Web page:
Pakistan was snubbed on Tuesday, February 19, at the International Court of Justice (ICJ) here when it sought replacement of an ad-hoc Pakistani judge in the court during the hearing of the case related to Indian national Kulbhushan Jadhav who has been sentenced to death by a military court in Pakistan.
Pakistan's Attorney General Anwar Mansoor Khan said his country's ad-hoc judge to the ICJ, Tassaduq Hussain Jillani, suffered cardiac arrest on Monday during the first day of hearings of the case and requested that his replacement be sworn-in before he could make his argument.
However, the ICJ President, Abdulqawi Ahmed Yusuf, overlooked the plea and told the Pakistani advocate, "I would like to ask you to read your statement if your statement is ready. We are ready to hear you and hear your side,"
Khan then went on to make his argument, a day after the Indian side told the world court that Jadhav had been sentenced to death by a military court during an "opaque" hearing and that he should be released forthwith. In his representation, the Pakistani advocate said the Indian claim to relief must be dismissed.
Jadhav, 48, was sentenced to death by a Pakistani military court on charges of espionage and terrorism on April 11, 2017, following which India moved the ICJ, challenging the verdict. Subsequently, on May 18, 2017, a 10-member bench of ICJ restrained Pakistan from executing Jadhav till the adjudication of the case.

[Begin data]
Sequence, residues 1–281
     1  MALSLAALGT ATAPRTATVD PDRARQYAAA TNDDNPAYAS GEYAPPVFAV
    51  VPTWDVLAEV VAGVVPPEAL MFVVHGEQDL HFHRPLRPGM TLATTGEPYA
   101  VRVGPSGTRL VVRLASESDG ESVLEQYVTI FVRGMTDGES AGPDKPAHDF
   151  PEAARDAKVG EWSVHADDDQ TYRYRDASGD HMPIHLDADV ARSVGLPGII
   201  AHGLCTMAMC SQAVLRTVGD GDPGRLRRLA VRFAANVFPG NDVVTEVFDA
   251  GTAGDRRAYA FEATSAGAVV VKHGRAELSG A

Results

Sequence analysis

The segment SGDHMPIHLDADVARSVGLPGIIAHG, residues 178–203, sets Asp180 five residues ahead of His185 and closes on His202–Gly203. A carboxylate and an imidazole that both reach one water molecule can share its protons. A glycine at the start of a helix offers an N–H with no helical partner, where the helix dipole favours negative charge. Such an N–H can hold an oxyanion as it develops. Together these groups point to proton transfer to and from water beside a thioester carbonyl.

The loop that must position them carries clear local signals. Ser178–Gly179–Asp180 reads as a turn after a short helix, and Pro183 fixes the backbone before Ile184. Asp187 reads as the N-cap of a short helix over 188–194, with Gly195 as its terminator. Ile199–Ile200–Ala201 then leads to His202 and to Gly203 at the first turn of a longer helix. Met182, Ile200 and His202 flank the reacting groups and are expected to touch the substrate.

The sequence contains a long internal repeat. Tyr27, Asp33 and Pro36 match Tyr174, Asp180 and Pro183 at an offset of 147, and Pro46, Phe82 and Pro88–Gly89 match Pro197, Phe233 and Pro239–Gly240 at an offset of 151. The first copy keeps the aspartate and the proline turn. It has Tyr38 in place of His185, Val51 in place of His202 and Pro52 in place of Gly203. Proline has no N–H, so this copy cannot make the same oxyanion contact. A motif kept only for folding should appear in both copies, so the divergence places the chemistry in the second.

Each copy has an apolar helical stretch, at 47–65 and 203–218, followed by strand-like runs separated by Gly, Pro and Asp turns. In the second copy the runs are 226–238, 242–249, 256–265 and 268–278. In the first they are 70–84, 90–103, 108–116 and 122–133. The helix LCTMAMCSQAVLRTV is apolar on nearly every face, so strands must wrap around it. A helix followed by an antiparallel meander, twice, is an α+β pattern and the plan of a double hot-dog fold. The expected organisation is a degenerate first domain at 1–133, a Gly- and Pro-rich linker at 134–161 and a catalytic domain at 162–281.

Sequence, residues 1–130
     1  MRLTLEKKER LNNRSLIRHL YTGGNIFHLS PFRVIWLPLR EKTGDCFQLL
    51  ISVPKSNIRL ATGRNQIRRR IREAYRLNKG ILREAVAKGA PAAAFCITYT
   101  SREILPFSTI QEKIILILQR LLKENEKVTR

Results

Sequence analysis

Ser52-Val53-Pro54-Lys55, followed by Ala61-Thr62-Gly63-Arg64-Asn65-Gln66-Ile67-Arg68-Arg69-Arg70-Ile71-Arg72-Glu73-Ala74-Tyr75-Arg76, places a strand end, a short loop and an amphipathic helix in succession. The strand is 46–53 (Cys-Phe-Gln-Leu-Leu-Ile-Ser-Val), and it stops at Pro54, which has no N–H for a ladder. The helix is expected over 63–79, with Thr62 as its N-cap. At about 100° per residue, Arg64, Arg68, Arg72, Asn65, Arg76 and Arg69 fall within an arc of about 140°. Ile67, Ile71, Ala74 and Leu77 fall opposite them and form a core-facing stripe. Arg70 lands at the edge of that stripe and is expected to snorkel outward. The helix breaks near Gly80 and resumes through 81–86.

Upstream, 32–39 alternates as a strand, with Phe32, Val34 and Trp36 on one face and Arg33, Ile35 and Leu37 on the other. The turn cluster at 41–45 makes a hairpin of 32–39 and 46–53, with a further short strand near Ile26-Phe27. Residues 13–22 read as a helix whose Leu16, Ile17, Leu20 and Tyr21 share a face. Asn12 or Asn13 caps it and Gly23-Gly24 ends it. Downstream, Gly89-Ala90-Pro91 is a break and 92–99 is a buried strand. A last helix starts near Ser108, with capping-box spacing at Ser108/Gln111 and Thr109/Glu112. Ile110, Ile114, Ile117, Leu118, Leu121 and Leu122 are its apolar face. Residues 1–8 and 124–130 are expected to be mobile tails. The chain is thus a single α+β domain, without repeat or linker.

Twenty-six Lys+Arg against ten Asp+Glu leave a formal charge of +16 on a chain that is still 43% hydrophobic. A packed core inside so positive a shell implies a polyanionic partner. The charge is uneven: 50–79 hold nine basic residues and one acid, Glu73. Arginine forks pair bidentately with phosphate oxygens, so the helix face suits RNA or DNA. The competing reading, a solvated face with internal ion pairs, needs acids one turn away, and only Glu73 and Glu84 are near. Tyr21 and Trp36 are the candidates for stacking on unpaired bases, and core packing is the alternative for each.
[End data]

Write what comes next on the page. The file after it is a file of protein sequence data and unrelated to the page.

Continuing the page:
During the hearing yesterday, India's advocate Harish Salve raised questions over how a military court could hold a trial for a civilian without giving him a due and transparent right to defend.
Khan, in his counter, said, "All laws are made by Parliament in accordance with the Constitution after proper debate and discussions. Local laws are within the domain of Parliament and the independent courts of Pakistan. Similarly, the creation of military courts was through this Parliamentary process."
India had yesterday highlighted that Jadhav was being used as a pawn by Pakistan to build a narrative against New Delhi - a claim which was strengthened by Pakistan's statements at The Hague today.
The Pakistani advocate made all kinds of bizarre allegations against Jadhav, accusing him of being responsible for subversive activities in Pakistan. India has maintained that Jadhav, a former Naval officer-turned-businessman, was innocent and he had been kidnapped by Pakistani intelligence agencies from Iran.
Salve told the court yesterday that Jadhav had been suffering for last three years and even 13 requests by India for consular access had not been accepted by Pakistan, violating the Vienna Convention.
Khan, in his argument, claimed that "Pakistan has treated Commander Jadhav in a manner that is due to every human being. On humanitarian grounds, Pakistan has allowed Commander Jadhav's mother and wife to visit him.